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The Letter To Myself

The Letter To Myself

The Letter To Myself

It has been some years now since my life was so profoundly changed. I often wonder if I could reach from where I am now and write a letter back to myself then, what I would say.

What do I know now that I didn’t know then? Is there anything worth saying at all? I find that yes there is, and if I could write a letter to myself it would be gentle and strong at the same time, but oh, what a weight it would carry.


Dear Me-Back-Then,
Yes, you are sitting in the parking lot shivering under a warm December sun trying to work the keys within your numb fingers to find the ability to muster the strength to drive home. You’ve just left the office where your son was diagnosed with significant lifelong special needs. Yes, this is enormous! People will want to comfort you and tell you that it is not, but it is. In YOUR life, it is. Stop apologizing for that right now!

Your pain and mourning for the “ordinary as milk” dreams that were lost today do not mean that you love your son any less. In fact, I promise you that you are going to find that it means you will love him with an intense fierceness. You will find tenderness and softness you never knew you had, and you will change as you grow. You will become harder. You will be the most fragile that you’ve ever been. You will learn that you have within you the strength to carry a daffodil safely through a hurricane. Accept your pain.

Because it does get better! Oh, don’t ask when because it’s such a process. Some days you’ll be up on top of the world and find you’ve not thought about IEPs or neurologists or therapy for days and the next you might find yourself weeping at the video someone else posts of their child’s first Pop Warner game.

Special needs like your son ’s like having a target in sight and just missing slightly wide of the mark, achingly close but just slightly off. It also means watching other children pass him by. However, longer and longer strings of days will come and go, and you won’t feel this first overwhelming blot out a sense of white.

You will learn the language here! All those long strings of acronyms that mean everything in the special needs world will be immediately converted to your brain as you read them! It will be an incredible second language you will speak. It’ll be like slanguage!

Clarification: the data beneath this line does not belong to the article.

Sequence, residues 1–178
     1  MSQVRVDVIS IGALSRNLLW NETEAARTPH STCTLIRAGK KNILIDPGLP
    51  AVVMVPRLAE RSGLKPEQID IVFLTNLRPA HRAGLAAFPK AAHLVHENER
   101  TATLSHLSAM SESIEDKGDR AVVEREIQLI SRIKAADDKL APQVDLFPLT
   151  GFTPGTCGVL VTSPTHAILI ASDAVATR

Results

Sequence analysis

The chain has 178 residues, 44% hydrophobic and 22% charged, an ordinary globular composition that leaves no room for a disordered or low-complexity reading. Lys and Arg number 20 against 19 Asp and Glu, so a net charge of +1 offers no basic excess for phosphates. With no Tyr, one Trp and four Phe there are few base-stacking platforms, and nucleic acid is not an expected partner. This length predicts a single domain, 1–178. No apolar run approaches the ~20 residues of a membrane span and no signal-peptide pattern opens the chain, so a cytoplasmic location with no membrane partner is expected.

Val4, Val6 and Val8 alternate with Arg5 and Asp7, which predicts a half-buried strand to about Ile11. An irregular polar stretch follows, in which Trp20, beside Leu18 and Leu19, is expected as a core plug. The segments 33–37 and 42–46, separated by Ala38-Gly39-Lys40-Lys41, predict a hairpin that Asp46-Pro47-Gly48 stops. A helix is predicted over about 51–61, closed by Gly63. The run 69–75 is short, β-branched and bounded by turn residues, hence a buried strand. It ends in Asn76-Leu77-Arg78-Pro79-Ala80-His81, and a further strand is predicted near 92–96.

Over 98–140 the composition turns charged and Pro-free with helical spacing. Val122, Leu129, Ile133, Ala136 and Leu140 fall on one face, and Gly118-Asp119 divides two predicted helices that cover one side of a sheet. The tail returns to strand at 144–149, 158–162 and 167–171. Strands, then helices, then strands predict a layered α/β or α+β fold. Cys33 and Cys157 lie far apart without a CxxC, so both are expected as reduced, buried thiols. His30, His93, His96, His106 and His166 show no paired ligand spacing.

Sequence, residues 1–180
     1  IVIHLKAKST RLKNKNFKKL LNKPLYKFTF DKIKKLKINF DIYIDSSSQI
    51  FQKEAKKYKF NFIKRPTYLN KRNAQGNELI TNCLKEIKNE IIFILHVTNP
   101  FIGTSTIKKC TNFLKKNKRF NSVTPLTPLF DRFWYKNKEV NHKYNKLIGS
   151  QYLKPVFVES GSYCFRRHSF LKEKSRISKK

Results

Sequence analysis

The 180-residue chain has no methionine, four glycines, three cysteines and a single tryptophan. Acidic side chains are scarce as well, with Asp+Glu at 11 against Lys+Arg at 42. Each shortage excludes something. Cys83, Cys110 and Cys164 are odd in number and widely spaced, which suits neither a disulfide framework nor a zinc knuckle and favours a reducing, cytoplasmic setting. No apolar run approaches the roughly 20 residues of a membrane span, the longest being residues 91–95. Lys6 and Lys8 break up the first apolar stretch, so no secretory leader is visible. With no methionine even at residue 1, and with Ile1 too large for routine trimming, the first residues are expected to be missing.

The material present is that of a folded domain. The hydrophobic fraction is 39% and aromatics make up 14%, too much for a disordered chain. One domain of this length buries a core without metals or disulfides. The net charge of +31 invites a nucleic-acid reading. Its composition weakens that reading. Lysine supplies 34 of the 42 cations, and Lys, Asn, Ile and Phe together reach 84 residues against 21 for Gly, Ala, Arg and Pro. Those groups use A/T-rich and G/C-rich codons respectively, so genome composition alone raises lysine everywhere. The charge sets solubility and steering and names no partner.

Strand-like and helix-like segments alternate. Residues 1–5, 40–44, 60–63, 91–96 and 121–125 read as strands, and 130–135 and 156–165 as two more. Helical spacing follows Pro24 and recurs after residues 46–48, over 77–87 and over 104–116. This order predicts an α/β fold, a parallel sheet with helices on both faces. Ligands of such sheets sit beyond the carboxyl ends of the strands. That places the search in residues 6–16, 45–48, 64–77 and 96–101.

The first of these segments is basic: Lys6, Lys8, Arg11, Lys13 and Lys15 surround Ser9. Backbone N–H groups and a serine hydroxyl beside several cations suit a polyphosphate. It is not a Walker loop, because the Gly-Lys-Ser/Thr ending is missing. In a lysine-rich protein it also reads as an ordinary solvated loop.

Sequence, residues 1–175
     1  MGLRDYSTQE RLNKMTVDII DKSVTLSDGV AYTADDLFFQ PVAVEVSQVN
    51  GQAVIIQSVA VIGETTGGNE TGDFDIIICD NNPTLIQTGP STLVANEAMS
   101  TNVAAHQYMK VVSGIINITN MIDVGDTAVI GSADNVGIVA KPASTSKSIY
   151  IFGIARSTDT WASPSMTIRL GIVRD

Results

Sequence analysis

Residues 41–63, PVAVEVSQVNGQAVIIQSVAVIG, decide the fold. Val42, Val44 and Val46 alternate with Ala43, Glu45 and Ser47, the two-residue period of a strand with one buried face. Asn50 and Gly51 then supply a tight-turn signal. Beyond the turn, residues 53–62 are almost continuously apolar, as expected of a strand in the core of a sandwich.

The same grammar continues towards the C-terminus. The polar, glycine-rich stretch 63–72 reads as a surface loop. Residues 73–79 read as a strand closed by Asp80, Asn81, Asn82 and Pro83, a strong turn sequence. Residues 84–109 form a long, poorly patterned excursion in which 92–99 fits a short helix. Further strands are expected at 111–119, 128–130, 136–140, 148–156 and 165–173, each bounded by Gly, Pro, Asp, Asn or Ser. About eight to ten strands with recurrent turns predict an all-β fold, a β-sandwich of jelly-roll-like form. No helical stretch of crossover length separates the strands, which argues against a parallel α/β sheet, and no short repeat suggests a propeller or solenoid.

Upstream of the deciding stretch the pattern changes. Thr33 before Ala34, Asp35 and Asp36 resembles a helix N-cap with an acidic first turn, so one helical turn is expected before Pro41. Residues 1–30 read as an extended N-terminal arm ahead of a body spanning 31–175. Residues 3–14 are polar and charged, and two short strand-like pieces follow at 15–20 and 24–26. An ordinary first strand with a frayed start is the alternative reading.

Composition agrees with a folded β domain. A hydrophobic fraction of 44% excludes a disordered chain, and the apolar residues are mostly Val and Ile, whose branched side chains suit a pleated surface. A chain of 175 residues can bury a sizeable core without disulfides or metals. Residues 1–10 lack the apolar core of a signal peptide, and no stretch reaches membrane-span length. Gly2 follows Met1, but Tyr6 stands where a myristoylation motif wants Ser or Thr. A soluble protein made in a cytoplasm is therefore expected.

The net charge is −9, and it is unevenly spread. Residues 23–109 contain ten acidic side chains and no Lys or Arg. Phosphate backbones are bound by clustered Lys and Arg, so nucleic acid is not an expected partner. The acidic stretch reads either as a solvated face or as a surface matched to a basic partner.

You will start making choices and plotting a course navigating a land that you will begin to understand. And even more so it is also true that someday you’ll have real advice and help and hard-won experience to pay back out into the world, all that help that was so freely given to you. It is Greek now, and that feeling of the tick-ticking clock is deafening in your ears, but it does begin to come.

You will make mistakes. You will choose the therapy or a therapist that will not pan out. Oh, and yes you will. You too will try gf/cf diet; I’m sorry to say. You think you won’t, but you will. But, it will be in your own time. When it doesn’t work out, you’ll just be so glad that you finally put the idea to rest.

Some things will help that you would never have imagined would. You’ll be happy. You’ll be pissed. Some things will help and then stop, and you will have to pry away your hold on them and move on to the next. Nevertheless, you will move on! You will tuck, roll, rise again, and find yourself moving through!

And, yes, you will lose some friends. Some of those losses will be brutal. Others you will pre-emptively cut out. Family too will cause pain. You will discover that this world does discriminate, and your heart will break, it will break messily and sometimes embarrassingly publically. But you will also see the spirits that will touch your life with their goodness and even though you will not want to, you will have no choice; they will make you believe again.

Keep watching for these light-bearing spirits, they are everywhere. I promise you.
You will make a new breed of friends in special needs support groups. They will become some of the best friends that you may never even meet face to face! You will learn an entirely new level of strength and companionship born of reaching out, and you will gain volumes from the people that you would not have otherwise met!

You will lean on them, and they will lean on you. You will trade ideas, and you will emulate the best of what you find, even if only secretly. You will wonder how it is that you ever survived without them. The laughter you will find with them will be some of the sweetest you have ever had!